By BOB BAUM, AP Sports Writer
PHOENIX (AP) — On July 18, the Arizona Diamondbacks acquired slugging outfielder J.D. Martinez from the Detroit Tigers for three minor leaguers.
It might go down as one of the best mid-season acquisitions in baseball history.
Martinez has had a thunderous last half to the season, and it only picked up steam down the stretch.
“I’ve never seen anything like what he’s done the last month,” Diamondbacks center fielder A.J. Pollock said. “Yeah, we kind of keep looking, ‘Where would we be without J.D.?'”
In 62 games with the Diamondbacks, Martinez hit .302 with 29 home runs and 65 RBIs, and he has fit in perfectly with the team’s “family” culture nurtured by first-year manager Torey Lovullo.
“It’s been a great couple of months,” Martinez said.
The last month has been spectacular.
In September, Martinez hit .404 (40-for-99) with 16 home runs (tying a National League record), eight doubles, 36 RBIs and 24 runs scored in 24 games.
“It’s a good run I’m on,” he said. “I just want to keep it up and continue in the playoffs.”
Martinez and the Diamondbacks host the NL wild-card game against Colorado on Wednesday night.
“It’s cool, it’s a great feeling,” he said of what he’s done in Arizona so far, “but the job’s not done yet. We’ve got one game we’ve got to get in and we’ve got to keep it going.”
Catcher Chris Iannetta said the key to Martinez’s success is the work he does.
“I think no one hits more than him, no one watches more video and studies his own swing, studies opposing pitchers,” Iannetta said.
Lovullo said Martinez’s production at the plate is the result of all that effort.
“The thing that people don’t see is what he does behind the scenes,” the manager said. “There’s notes in a notebook. There’s video and studying. There’s tendencies and habits. There’s constant practice and perfection of the swing. And it translates.”
Combined with his time in Detroit, Martinez hit .303 with a career-high 45 home runs.
“I get a chance to sit next to him or stand next to him before he’s going in the on-deck circle, and it’s the same routine,” Lovullo said. “He does it with his eyes open. He does it with his eyes closed. I know there is a lot of muscle memory that he has perfected. So when he walks up to home plate, it’s just put things in automatic and let it happen.”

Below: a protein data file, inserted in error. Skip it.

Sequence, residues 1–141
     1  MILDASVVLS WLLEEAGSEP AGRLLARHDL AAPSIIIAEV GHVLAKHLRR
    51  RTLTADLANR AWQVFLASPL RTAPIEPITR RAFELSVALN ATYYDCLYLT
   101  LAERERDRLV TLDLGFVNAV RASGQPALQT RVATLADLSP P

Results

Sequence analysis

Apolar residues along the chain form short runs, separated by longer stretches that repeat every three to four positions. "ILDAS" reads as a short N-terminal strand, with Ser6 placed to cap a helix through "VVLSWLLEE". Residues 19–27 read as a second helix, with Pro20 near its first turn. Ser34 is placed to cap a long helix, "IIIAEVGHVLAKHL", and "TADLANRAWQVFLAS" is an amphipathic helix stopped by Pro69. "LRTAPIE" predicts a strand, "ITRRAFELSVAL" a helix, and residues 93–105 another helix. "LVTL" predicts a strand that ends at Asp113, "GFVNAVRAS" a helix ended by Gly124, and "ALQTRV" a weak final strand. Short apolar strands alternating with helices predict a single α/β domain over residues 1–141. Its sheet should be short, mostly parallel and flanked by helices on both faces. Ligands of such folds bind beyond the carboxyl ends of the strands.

Martinez’s September included a fabulous night in Dodger Stadium, when he became the 18th player in major league history to hit four home runs in a game.
“He’s been a huge part of this team, helped us get where we are,” pitcher Patrick Corbin said. “… It feels like he’s going to homer every time at the plate.”
The Tigers got Dawel Lugo, Sergio Alcantara and Jose King in exchange for Martinez, certainly a bargain for arguably the best position player on the market before the trade deadline. And he was just what Arizona needed, a corner outfielder who could bat behind Paul Goldschmidt in the heart of the Diamondbacks lineup.
“I was disappointed leaving Detroit because that was obviously my home for so many years,” Martinez said, “but at the same time I was excited to be joining a playoff-caliber team.”
Almost immediately, he fit right into the Diamondbacks tight clubhouse.
Martinez is, Lovullo said, “a tremendous teammate and a part of this family we developed here.”
“He came here mid-season,” the manager said, “and it’s hard for players to walk into that environment. He immersed himself into this culture and he’s become one of us.”
A free agent at the end of this season, Martinez has said he’d like to stay with the Diamondbacks. But with every power surge at the plate, his value rises.
The cost of keeping him might well be too steep for a franchise that has one of the lower payrolls in baseball at under $100 million.
So if the Diamondbacks lose the wild-card game to the Rockies, it could well be Martinez’s final game in an Arizona uniform.
“I hadn’t even thought of that,” he said.
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